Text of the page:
Get 20M+ Full-Text Papers For Less Than $1.50/day. Start a 14-Day Trial for You or Your Team.

Learn More →

“Of Two Classes”: Social Darwinism in Richard Connell's “The Most Dangerous Game”

“Of Two Classes”: Social Darwinism in Richard Connell's “The Most Dangerous Game” 66 English Language Notes “OF TWO CLASSES”: SOCIAL DARWINISM IN RICHARD CONNELL’S “THE MOST DANGEROUS GAME” Winner of the prestigious O. Henry Award for Short Fiction in 1924, “The Most Dangerous Game” is the only one of Rich­ ard Connell’s three hundred-plus stories that is still in print to­ day. The prolific author — a Harvard graduate and a World War I veteran—was just thirty years old when “Dangerous Game” was originally published. Eventually, though, he turned his con­ siderable creative energies away from traditional fiction and toward screen writing, earning Academy Award nominations for his work on MeetJohnDoem 1941 and again in 1944 for Two Girls and a Sailor. However, despite his Hollywood connections and his brush with Oscar glory, it is this masterfully written hunter- becomes-the-hunted tale that has, for three-quarters of a cen­ tury now, guaranteed Connell’s lasting literary cachet. Although this popular story is frequently included in collec­ tions of American short fiction, it is usually relegated to the sub­ altern status of escapist literature, seen as an exciting and fast- paced narrative, filled with action and suspense, but without a deeper meaning, without a challenging subtext to ponder and explore, to explicate and argue. http://www.deepdyve.com/assets/images/DeepDyve-Logo-lg.png English Language Notes Duke University Press

“Of Two Classes”: Social Darwinism in Richard Connell's “The Most Dangerous Game”

English Language Notes , Volume 41 (3) – Mar 1, 2004

Loading next page...
 
/lp/duke-university-press/of-two-classes-social-darwinism-in-richard-connell-s-the-most-C6aVpgK21Z
Copyright
Copyright © 2004 Regents of the University of Colorado
ISSN
0013-8282
eISSN
2573-3575
DOI
10.1215/00138282-41.3.66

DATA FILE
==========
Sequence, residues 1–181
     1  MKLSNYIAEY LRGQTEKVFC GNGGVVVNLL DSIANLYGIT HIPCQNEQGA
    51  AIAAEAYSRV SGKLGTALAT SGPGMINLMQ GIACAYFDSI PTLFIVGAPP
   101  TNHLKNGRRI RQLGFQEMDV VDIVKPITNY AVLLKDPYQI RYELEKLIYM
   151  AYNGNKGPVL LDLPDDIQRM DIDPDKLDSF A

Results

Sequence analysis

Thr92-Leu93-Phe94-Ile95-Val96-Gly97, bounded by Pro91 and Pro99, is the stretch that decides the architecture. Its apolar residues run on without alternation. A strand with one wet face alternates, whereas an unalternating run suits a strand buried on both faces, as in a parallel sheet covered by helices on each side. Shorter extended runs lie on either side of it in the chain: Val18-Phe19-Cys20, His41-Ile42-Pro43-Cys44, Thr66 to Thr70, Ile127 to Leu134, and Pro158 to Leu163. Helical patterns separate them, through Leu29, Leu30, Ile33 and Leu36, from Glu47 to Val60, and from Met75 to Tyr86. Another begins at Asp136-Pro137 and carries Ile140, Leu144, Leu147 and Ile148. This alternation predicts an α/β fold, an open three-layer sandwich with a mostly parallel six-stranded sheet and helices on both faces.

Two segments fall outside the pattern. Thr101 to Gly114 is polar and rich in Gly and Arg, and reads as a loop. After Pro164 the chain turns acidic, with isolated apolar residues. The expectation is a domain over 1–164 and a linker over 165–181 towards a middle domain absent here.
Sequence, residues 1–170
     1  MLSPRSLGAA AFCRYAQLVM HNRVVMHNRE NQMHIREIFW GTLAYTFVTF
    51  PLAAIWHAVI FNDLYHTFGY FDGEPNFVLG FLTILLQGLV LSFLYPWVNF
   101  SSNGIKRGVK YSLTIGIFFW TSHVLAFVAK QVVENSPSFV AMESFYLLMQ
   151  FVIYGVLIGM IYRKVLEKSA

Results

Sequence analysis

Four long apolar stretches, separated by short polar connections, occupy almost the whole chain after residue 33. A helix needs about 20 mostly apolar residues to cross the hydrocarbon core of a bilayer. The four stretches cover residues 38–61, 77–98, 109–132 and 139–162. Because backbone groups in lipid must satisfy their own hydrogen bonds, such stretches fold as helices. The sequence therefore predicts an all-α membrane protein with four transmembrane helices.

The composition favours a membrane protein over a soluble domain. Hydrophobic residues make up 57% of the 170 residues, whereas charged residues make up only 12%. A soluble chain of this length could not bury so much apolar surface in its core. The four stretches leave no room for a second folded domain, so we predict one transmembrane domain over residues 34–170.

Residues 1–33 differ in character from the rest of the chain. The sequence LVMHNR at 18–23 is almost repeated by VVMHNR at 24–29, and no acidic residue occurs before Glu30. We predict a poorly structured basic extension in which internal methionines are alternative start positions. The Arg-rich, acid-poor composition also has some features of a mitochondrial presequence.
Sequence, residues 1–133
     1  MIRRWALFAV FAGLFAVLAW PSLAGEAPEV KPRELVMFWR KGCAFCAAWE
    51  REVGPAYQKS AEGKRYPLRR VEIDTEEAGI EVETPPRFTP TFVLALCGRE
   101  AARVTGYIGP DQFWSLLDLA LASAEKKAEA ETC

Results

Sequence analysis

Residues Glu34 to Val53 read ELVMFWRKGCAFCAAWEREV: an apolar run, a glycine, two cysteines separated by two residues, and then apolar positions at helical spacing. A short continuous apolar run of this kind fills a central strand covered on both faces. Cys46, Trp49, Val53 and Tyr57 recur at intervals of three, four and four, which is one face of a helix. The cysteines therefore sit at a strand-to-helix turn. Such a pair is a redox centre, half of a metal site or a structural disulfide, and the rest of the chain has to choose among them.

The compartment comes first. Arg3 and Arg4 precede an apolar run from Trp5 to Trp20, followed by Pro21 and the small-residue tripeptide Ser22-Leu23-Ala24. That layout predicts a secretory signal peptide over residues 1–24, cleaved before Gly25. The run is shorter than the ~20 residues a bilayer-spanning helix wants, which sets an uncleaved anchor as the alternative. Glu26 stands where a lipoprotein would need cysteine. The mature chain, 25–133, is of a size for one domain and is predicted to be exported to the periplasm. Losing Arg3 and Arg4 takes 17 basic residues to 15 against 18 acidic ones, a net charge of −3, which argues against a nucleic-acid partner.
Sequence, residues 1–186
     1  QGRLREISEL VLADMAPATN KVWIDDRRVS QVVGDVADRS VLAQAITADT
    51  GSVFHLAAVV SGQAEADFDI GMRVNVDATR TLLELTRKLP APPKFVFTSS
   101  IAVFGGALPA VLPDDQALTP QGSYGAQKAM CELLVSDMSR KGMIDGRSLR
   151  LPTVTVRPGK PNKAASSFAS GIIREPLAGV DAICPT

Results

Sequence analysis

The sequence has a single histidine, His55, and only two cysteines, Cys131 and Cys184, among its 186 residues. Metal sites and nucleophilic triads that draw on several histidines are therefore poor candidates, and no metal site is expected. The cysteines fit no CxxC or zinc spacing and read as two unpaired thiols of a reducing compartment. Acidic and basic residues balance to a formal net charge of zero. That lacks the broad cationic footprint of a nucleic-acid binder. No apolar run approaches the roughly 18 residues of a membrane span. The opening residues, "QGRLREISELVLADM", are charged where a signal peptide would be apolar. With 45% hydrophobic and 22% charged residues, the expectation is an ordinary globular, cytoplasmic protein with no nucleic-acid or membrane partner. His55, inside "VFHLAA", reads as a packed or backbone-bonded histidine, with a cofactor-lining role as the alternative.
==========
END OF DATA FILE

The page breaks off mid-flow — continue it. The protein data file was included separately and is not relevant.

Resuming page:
Publisher site
See Article on Publisher Site

Abstract

66 English Language Notes “OF TWO CLASSES”: SOCIAL DARWINISM IN RICHARD CONNELL’S “THE MOST DANGEROUS GAME” Winner of the prestigious O. Henry Award for Short Fiction in 1924, “The Most Dangerous Game” is the only one of Rich­ ard Connell’s three hundred-plus stories that is still in print to­ day. The prolific author — a Harvard graduate and a World War I veteran—was just thirty years old when “Dangerous Game” was originally published. Eventually, though, he turned his con­ siderable creative energies away from traditional fiction and toward screen writing, earning Academy Award nominations for his work on MeetJohnDoem 1941 and again in 1944 for Two Girls and a Sailor. However, despite his Hollywood connections and his brush with Oscar glory, it is this masterfully written hunter- becomes-the-hunted tale that has, for three-quarters of a cen­ tury now, guaranteed Connell’s lasting literary cachet. Although this popular story is frequently included in collec­ tions of American short fiction, it is usually relegated to the sub­ altern status of escapist literature, seen as an exciting and fast- paced narrative, filled with action and suspense, but without a deeper meaning, without a challenging subtext to ponder and explore, to explicate and argue.

Journal

English Language NotesDuke University Press

Published: Mar 1, 2004

There are no references for this article.